subject to:
c , t r , t x , t L
W ( p 0 C e , 0 ) V , t x , t i , j t , L
t T x , t = 1 L
L t T M , t x , t D
  x , t { 0 , 1 } L , t T

5. Web-Based Integer Programming Decision Support System

Many calculations were required to optimize the processing of walnut ABs due to numerous variables and parameters considered in our problem; therefore, it was necessary to provide a user-friendly practical tool to decide in real-time and, occasionally, with urgency. The web application allows users to enter parameters through a user-friendly interface, facilitating decision-makers to weigh their options before making a final choice.
This section describes some of the implementation details of the optimization solution, as well as the use and operation of the DSS designed to manage the walnut processing.

5.1. Implementation of the Optimization Algorithm

The optimization procedure was programmed using Python 3.6. The preprocessing phase primarily employs native Python, as well as Pandas (Version 0.25.3) for straightforward and enhanced data processing capabilities. After preprocessing the AB data, the actual optimization problem is solved using CBC (Version 2.7.5) [41], an open-source mixed-integer programming solver written in C++ and part of the COIN-OR project [42]. We used CBC via PuLP (Version 2.1) [43], a Python package that can serve as an interface for various solvers such as Gurobi and CBC. We chose CBC because it is free and because the optimization problem, thanks to the preprocessing phase, is not so complex that it would require the cutting-edge features that a commercial solver such as Gurobi would provide. The problem is linear (as previously stated) and not too complicated: the number of variables is | L | × | P | , where | L | is the number of ABs and | P | is the number of different ways to sell walnuts. For MeliFen, this corresponds to 224 × 17 = 3808 , which poses no difficulty to CBC.
The optimization algorithm itself is compatible with both Windows 10 64 bit and UNIX-based operating systems. For a typical use case, it takes around 70 s for the algorithm to perform the preprocessing and then a few extra seconds to find the optimal solution (the exact time can vary depending on the number of ABs being considered). The algorithm is fast enough to try different combinations and conduct sensitivity analysis on the key parameters, perfectly in line with the needs of MeliFen.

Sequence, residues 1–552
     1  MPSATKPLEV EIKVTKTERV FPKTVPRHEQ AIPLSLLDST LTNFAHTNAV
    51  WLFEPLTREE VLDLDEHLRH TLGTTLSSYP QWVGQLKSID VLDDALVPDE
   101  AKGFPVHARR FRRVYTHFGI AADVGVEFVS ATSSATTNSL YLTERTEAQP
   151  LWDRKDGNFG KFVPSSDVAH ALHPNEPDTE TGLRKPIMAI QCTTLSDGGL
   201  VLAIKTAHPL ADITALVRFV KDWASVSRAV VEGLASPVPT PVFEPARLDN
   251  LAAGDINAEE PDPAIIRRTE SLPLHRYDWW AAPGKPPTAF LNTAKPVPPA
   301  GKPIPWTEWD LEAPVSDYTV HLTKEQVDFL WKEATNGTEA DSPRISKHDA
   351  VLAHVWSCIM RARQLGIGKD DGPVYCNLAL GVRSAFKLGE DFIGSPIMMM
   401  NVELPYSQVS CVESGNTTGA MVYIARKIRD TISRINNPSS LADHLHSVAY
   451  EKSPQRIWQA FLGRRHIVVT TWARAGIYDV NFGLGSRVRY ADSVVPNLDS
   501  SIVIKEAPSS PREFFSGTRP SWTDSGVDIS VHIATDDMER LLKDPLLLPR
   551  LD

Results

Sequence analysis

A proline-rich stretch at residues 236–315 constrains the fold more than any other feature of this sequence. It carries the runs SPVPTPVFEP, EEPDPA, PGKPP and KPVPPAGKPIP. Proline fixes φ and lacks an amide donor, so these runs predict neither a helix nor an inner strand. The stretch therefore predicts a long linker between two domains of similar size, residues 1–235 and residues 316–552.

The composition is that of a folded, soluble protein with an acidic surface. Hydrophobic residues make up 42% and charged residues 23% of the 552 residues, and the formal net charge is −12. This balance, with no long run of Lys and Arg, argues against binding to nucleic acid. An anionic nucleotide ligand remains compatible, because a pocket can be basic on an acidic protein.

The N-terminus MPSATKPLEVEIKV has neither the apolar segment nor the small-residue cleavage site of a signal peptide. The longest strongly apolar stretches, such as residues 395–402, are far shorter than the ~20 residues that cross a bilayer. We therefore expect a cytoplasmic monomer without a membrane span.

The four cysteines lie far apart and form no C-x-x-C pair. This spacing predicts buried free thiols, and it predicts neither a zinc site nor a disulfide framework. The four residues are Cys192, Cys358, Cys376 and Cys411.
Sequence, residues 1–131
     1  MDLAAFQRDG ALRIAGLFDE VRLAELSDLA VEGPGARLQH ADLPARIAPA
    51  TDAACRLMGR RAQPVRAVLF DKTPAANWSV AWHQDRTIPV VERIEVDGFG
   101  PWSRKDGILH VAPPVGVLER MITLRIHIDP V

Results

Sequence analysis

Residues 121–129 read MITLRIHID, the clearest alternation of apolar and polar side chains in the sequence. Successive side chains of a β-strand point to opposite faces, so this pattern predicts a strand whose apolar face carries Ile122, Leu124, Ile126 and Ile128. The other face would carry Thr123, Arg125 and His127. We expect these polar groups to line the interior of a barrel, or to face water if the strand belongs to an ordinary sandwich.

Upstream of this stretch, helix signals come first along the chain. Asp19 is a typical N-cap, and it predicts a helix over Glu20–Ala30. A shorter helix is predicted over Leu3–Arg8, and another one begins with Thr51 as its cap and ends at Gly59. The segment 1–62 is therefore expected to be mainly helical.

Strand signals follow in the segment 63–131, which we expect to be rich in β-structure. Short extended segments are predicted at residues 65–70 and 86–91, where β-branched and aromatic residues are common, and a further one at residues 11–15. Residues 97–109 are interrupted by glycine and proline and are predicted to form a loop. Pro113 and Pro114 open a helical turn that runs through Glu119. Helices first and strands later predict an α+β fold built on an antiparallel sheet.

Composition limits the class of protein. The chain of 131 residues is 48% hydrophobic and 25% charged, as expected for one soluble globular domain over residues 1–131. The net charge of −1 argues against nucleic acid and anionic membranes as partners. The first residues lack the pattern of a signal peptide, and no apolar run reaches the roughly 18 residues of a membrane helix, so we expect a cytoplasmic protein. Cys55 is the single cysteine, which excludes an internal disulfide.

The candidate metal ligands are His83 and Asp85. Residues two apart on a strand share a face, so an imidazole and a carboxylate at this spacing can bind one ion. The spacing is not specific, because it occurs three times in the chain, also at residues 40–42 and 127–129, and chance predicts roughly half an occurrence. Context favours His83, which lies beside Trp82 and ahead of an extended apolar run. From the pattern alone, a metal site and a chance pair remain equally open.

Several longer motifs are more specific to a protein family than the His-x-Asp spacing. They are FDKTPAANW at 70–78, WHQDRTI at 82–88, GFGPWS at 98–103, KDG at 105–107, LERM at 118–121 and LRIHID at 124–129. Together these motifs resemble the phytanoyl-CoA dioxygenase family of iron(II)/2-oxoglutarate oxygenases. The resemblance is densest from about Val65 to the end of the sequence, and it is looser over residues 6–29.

The complete DSS encompasses much more than just the algorithm. It consists of a web application, a database, a computing service for the optimization algorithm, and several reporting modules. All these services were deployed on Amazon Web Services (AWS) [44]. Figure 6 shows a diagram of the different services and their relationships. In Section 5.2, we go into more detail about the web application and its usability.

5.2. Web Application

The web application serves as portal for the decision-maker to interact with the main categories: general, reports, spreadsheets, and AB optimization. These categories are composed of several tabs (shown in the first column of Figure 7) through which users can access the following functionalities:
Data upload and storage: In the Load Data tab of the spreadsheet category, users can upload information on the characterization and parameters of the walnut ABs, which are subsequently stored in the database. The data must be edited and uploaded to the web application via two Excel spreadsheets;
Characterization spreadsheets: The user must register the information of the walnut ABs of each producer, specifying the kilograms of reception, variety, percentages of walnut sizes, percentages without defects, percentages with external defects (imperfect shell, open shell, serious stains, slight stains, split walnut, broken walnut, cracked walnut, adhering hull presence), internal defects (slight shriveling, insect damage, active fungus, inactive fungus, rancidity, severe shriveling, empty walnuts), units per kilo, and percentages of the AB composition (shape, color, shell, kernel), according to the Chilean Walnut Commission (ChWC) [45]. It should be noted that part of the information is obtained from a representative sample of each AB;